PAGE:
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Putin digs in for a forever war

New conscription rules signal that the Kremlin has no intention to give up on its war effort.

By Ido Vock

BERLIN – Russia is on “forever war” footing. New conscription laws, rushed through the Russian parliament on 11 April, will make it quicker and easier for authorities to compel eligible men to join the army. The changes have fuelled speculation that the Kremlin is preparing a second wave of mobilisation, after the first in September 2022.

The new rules include measures that will make dodging any new draft far more difficult. Draft papers will now be considered “received” a week after they appear on an online government portal, even if their recipients are unaware that they have been conscripted. (Conscription notices previously had to be delivered to draftees in person.)

Conscripts who fail to report to draft offices will also face consequences. They will be banned from driving, for instance, and buying or selling real estate. They will also be banned from travelling abroad from the moment a draft notice is received. During the first wave of mobilisation last autumn, there were widespread reports of pensioners, ineligible citizens and people with disabilities being handed draft notices. Yet the new laws also mean that citizens who want to appeal against their draft order will have fewer legal options available to them to do so.

[See also: “Russia cannot afford to lose, so we need a kind of a victory”: Sergey Karaganov on what Putin wants]

The reforms come ahead of an expected Ukrainian counteroffensive, which Kyiv and its allies have said could begin within weeks. The counterattack is expected to attempt to break Russia’s “land corridor” to Crimea in the south of Ukraine. Last autumn, Ukrainian forces broke through Russian lines in the Kharkiv and Kherson regions, which liberated large parts of the country; the Kremlin is keen to avoid similar defeats.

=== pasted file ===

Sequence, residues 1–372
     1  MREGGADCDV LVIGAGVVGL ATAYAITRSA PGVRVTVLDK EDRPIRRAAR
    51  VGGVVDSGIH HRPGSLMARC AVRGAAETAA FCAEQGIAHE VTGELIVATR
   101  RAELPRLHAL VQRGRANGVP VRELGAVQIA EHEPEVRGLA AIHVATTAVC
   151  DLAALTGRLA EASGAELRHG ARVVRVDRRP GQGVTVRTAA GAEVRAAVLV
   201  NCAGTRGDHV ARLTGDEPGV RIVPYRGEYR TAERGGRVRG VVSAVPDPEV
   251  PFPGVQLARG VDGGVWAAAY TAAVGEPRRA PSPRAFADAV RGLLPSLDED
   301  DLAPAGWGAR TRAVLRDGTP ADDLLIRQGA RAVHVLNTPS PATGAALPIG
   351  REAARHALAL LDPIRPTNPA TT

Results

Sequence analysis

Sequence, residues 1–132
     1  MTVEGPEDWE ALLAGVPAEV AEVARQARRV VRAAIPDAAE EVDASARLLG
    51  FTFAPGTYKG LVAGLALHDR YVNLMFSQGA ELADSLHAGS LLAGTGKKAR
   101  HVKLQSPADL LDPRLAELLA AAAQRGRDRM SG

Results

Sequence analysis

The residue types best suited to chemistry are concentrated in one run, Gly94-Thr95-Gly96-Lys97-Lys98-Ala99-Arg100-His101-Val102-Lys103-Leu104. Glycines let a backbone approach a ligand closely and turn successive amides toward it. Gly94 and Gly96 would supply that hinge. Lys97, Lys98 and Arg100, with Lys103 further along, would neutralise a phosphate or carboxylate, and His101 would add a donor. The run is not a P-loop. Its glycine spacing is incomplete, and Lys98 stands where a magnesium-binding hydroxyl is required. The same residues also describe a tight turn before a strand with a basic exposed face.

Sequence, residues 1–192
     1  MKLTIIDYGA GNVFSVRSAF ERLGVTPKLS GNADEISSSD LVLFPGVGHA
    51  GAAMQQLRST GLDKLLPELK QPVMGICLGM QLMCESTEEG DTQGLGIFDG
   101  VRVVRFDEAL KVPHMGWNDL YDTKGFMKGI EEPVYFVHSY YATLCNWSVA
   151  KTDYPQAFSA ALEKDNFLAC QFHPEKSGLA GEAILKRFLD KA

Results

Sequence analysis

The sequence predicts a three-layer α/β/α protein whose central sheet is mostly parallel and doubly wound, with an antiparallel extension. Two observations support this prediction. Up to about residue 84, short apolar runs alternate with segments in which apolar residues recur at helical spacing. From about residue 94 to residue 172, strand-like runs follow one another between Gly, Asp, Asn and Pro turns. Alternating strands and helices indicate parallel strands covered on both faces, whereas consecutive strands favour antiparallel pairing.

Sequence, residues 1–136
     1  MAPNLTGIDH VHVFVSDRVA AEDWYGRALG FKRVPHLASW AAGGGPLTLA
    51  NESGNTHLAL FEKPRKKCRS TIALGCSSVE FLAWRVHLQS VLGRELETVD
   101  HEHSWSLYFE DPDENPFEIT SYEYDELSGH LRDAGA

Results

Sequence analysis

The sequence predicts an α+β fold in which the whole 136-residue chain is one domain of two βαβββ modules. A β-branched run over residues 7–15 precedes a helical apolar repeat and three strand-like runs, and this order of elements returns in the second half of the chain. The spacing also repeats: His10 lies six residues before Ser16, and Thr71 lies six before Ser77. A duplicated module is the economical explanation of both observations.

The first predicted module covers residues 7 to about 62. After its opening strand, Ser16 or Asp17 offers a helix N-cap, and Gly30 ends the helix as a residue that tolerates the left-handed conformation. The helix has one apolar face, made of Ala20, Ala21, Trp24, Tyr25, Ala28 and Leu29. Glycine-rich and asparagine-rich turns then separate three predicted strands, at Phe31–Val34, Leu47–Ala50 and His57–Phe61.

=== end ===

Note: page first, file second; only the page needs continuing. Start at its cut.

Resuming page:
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The new conscription laws will also affect Russians outside the country. They are likely to dissuade Russians who left the country after the war broke out from returning – whether to sort out financial affairs, take care of family or because they find it difficult to adapt to life abroad – because they could be prevented from leaving once again. The new measures could also be used to harass those who have left Russia, who the regime sees as traitors, by effectively freezing some of their assets.

Dmitry Peskov, the Kremlin’s spokesman, told journalists on 12 April that the changes “have nothing to do with mobilisation”. He insisted that the reforms were instead intended to avoid draft notices being sent to ineligible citizens and make the system “modern, effective and convenient”.

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His comments have done little to assuage fears in Russia that a further wave of conscription may be imminent. Sergei Shoigu, the Russian defence minister, recently called for the size of the army to be increased from 1.15 million to 1.5 million. Officially, 300,000 men were conscripted during the first wave of mobilisation last year, although the actual figure is classified and could well be higher.

[See also: No, Russia isn’t about to break apart]

A new wave of mobilisation may or may not come. But the conscription changes are an attempt by the Kremlin to prepare Russia for a new “forever war”, Mark Galeotti, an expert on the country, said. At the same time, it is also an attempt to placate the majority of Russians. The ban on leaving the country, for example, “is a specific restriction upon the right to travel that will only apply to those people who have been singled out”, Galeotti said. “The overwhelming majority of Russians will as a result be kept free of that. The regime is trying to ensure that it has the legal means to fight, without needlessly impinging on ordinary Russians’ lifestyles.”

Other recent developments, such as the arrest of the American journalist Evan Gershkovich by Russian security services on 29 March, are further indications that the Kremlin has decided it is in an existential struggle with the West, which it must be prepared to endure for the foreseeable future. Yet the Kremlin’s new rules will inevitably bring the war a little closer to Russian citizens, with every male of draft age potentially a target for conscription. After assassinations, such as that of the pro-war military blogger Vladlen Tatarsky in St Petersburg in early April, drone strikes inside Russia, and now these streamlined conscription measures, the war in Ukraine is increasingly impossible to forget for Russians who long to do so. 

[See also: Putin under pressure]

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